In June 2018, the talent development team launched BMO U—a new mobile, anywhere, anytime learning platform—and immediately saw increased engagement in learning offerings. One year later, more than half of all BMO employees are active on the platform.

BMO U offers bite-size, high-quality content, such as podcasts, articles, videos, e-books, and a range of online courses. The company reports that employees like the variety of resources and the opportunity to follow curated learning pathways. For every resource, the talent development team posts an estimated time for completion up front, so employees can fit the learning into their busy schedules.

Elements of social learning that are embedded in the digital platform have also helped with adoption. Employees can follow other users, track learning, and customize a personal news feed. The creation of employee groups around specific learning topics has generated the most engagement. Key ambassadors in each line of business lead and design those groups; they share relevant best practices and insights, answer employee questions, and host informal brainstorming sessions.

The team has noticed that individuals who join social learning groups are more engaged, learn at a higher rate, and complete more pathways than those who are not part of a group. The most popular groups focus on topics such as diversity and inclusion, which has more than 6,000 employees enrolled; making sense of big data, with more than 1,000 employees; customer experience, with 1,000 employees; understanding and presenting data, with 950 employees; and building data solutions, with 900 employees.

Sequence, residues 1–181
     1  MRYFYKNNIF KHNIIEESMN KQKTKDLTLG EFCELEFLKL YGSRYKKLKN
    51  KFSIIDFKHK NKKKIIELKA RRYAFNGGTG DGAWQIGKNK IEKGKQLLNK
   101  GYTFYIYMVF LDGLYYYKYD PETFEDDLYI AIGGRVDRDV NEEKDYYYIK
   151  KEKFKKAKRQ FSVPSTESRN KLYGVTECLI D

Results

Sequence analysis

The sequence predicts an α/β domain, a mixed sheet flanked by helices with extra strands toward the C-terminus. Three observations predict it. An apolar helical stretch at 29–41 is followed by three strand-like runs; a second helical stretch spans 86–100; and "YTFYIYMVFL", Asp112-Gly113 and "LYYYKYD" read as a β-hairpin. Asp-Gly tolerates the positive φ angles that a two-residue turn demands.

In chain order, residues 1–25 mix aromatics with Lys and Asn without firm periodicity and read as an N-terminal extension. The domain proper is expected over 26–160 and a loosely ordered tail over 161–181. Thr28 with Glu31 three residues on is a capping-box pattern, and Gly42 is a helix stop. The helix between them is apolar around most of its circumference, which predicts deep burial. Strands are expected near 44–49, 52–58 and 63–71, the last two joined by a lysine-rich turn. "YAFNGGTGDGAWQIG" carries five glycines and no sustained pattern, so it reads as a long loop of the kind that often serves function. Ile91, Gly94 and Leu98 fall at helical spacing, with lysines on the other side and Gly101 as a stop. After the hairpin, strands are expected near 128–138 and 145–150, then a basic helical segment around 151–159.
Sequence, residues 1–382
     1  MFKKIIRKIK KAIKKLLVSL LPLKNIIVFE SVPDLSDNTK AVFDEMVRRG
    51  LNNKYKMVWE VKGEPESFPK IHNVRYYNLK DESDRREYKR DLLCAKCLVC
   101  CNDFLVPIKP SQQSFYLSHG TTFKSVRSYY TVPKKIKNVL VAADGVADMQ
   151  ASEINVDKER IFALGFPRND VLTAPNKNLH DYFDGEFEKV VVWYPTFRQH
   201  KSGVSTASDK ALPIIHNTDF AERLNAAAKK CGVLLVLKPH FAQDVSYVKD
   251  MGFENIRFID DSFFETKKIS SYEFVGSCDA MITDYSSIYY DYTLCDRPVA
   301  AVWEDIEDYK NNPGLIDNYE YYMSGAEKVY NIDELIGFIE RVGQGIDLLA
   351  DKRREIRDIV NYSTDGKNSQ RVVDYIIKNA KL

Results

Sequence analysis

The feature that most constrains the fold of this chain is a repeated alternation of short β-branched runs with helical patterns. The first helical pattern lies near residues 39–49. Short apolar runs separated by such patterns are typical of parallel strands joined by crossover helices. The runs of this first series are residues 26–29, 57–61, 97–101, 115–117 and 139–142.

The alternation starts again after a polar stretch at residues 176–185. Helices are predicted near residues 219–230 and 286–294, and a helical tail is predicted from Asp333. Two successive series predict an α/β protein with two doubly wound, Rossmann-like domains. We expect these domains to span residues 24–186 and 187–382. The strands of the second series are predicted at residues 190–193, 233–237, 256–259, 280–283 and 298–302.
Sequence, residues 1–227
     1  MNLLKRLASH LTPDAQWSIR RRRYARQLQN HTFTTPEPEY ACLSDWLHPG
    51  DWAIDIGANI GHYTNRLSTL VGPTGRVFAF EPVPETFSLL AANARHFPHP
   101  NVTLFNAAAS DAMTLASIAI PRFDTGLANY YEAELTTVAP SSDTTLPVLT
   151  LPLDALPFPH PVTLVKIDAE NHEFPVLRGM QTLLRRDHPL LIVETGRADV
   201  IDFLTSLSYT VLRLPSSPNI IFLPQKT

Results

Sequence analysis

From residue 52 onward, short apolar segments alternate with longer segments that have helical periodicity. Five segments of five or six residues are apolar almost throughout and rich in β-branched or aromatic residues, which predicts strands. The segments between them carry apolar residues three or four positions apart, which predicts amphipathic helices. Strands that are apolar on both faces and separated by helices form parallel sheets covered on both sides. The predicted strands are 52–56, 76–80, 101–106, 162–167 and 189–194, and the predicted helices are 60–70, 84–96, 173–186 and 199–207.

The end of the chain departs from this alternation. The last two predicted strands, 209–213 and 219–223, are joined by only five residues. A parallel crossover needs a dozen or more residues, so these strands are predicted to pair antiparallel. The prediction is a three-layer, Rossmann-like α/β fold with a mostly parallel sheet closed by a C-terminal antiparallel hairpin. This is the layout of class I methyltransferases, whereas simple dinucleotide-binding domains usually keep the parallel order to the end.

"BMO U brings together all the ways in which employees learn—for today's job, for tomorrow's career, and as they pursue their personal passions," Jeneroux states. "And it helps them build the learning agility they need to be successful."

Connecting employees with learning experiences

During the past year, the talent development team has been piloting another innovative approach to informal learning that offers employees new ways to apply their skills and gain fresh career experiences. Called #HelpWanted, it's a virtual job board where managers can post short-term projects or challenges with which they need help and where employees can volunteer to take on gigs that match their skills. The talent development team vets the projects to ensure they align with program goals. Participants who engage in the projects complete surveys to share their perspectives, which help influence program strategy and direction. The team is ramping up the program to test it at scale, opening it up to more than 10,000 employees over the next year.

"The program is great for leaders, because it enables them to form fast teams for new projects, new priorities, and emerging business needs in an easy and nimble way," Jeneroux says. "It's also great for employees, because it empowers them to develop new skills, build their network, work in cross-functional teams, and gain experiences as an internal gig worker without formally leaving their existing job."

View the entire list of 2019 BEST Award winners.

About the Author

Stephanie Castellano is a former writer/editor for the Association for Talent Development (ATD). She is now a freelance writer.